Boston Celtics

Jaylen reacts to Draymond's ‘disrespectful' defense in C's-Warriors

"If you want to dare me to shoot, we can do that too."

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BOSTON -- There are bold strategies, and then there's how Draymond Green and the Golden State Warriors guarded Jaylen Brown on Sunday.

Green matched up with Brown in the first quarter of the Celtics' game against the Warriors at TD Garden and surprisingly gave the All-Star wing a wide berth, letting him shoot multiple wide-open 3-pointers out of the gate.

If this was Green's attempt to play mind games with Brown, it worked for about three minutes. Brown missed two of his first three 3-pointers, then drilled four of his next six to finish with 19 first-quarter points as Boston raced out to a 44-22 lead.

Golden State's strategy was quite bold considering Brown is the Celtics' leading first-quarter scorer (7.1 points per first quarter entering Sunday) and a respectable 3-point shooter (34.8 percent this season). It backfired considerably, as Brown's tone-setting first-quarter paved the way for Boston's most lopsided win of the season, a 140-88 rout.

The All-Star wing admitted Green's lax defense felt a bit "disrespectful."

"It's the first time it's ever happened to me," Brown said of Green's defensive tactics. "Honestly, I was a bit surprised. Took a little bit of adjusting, but I think we just took advantage of whatever that attempt was.

"For the most part my job is to get to the paint. We've got enough 3-point shooters on my team. So, I don't take a lot of threes for the most part throughout the season, because we've got enough of that. I get to the paint and usually open it up for everyone else, but if you want to dare me to shoot, we can do that too.

"I thought it was a little disrespectful, but we took advantage of it and we didn't look back."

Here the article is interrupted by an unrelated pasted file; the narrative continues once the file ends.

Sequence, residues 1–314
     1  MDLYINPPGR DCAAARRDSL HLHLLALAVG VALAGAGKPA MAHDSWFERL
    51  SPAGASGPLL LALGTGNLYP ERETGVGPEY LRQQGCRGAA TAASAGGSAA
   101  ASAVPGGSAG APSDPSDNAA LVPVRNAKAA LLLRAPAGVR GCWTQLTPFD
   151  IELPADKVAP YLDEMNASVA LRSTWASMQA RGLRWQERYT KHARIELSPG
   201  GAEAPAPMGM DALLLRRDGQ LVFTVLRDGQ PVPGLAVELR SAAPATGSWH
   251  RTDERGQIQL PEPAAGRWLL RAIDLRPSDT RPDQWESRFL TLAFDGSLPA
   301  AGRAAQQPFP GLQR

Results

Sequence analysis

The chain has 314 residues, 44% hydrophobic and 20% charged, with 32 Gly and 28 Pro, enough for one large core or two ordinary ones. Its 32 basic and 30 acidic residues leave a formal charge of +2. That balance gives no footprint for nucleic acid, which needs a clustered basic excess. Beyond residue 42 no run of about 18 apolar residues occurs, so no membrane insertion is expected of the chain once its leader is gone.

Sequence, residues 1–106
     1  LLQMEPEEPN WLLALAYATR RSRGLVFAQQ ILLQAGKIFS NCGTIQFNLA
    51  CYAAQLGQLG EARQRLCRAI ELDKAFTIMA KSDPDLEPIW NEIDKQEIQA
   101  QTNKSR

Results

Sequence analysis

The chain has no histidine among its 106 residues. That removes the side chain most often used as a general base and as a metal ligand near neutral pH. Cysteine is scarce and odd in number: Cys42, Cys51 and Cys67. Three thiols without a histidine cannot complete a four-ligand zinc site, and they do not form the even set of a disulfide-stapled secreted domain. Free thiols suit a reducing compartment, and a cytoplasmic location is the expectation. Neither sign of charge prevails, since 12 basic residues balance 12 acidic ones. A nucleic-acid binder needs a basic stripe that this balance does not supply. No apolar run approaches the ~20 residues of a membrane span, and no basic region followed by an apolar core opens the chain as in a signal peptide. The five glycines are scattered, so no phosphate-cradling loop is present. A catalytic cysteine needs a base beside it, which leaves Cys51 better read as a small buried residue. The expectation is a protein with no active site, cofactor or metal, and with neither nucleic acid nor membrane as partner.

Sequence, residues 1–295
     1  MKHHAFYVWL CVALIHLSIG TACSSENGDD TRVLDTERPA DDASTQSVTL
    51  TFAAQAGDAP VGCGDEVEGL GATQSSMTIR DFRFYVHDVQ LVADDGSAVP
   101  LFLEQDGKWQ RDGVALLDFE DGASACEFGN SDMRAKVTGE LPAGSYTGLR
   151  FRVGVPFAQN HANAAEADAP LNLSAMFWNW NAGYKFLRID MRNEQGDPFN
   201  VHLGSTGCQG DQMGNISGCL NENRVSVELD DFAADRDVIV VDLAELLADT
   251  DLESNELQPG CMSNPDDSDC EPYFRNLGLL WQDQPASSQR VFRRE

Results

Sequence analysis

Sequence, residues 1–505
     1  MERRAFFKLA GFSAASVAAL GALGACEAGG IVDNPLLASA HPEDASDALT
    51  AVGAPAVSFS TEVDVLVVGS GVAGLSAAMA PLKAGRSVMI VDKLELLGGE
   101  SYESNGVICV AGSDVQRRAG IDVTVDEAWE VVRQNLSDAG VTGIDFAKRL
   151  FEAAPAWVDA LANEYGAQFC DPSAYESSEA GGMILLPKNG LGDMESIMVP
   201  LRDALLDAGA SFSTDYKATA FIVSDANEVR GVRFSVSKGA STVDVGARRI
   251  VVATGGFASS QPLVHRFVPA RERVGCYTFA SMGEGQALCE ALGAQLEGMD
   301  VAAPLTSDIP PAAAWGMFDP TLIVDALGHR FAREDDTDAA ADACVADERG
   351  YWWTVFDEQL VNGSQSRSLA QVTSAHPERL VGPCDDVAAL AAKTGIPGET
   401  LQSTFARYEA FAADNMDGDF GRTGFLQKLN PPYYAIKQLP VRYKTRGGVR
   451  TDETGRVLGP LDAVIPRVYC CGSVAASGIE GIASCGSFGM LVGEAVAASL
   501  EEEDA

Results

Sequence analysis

So, what exactly were Green and the Warriors thinking giving Brown free offensive rein in the first quarter?

Head coach Steve Kerr said the intention was to try to keep Boston out of the paint and allow Green to switch more easily on defense. Green suggested Golden State's "plan" was a bit more informal.

"We implemented our strategy like 15 minutes before we left the locker room," Green told reporters after the game. "So I don't necessarily think we put together a full defensive strategy."

"I thought it was fun to try," Green added. "I was actually all for it, like, 'Let's try it and see if it works.' If it doesn't, oh well. If it does, we found something. All right, it didn't work, so we move on."

Golden State's bizarre strategy is a testament to Boston's success this season, as opponents have thrown all sorts of defensive game plans at the Celtics in attempts to slow down the NBA's third-best offense.

So far, not much has worked.

Joe Mazzulla shares his reaction to the Warriors decision to leave Jaylen Brown open in the first quarter

"We were really grateful for that," Celtics head coach Joe Mazzulla said of the Warriors' defense on Brown. "... I just kept saying thank you and kept empowering Jaylen, and credit to his teammates for empowering him to just continue to play."

The Celtics should expect more creative game plans in the postseason as teams throw everything they have at Boston defensively. But considering the way Brown responded to Golden State's strategy Sunday, opponents may want to cross "Leave Jaylen Brown wide open" off their list.

"It was a little disrespectful to me, but it is what it is," Brown added. "I came out and I did what I do best. My teammates empowered me. They were like, 'We don't care if you shoot every shot down.' On this team, it's about making the right plays, letting guys feel involved, and I feel like I've been doing that all season long. ... But don't get it twisted."

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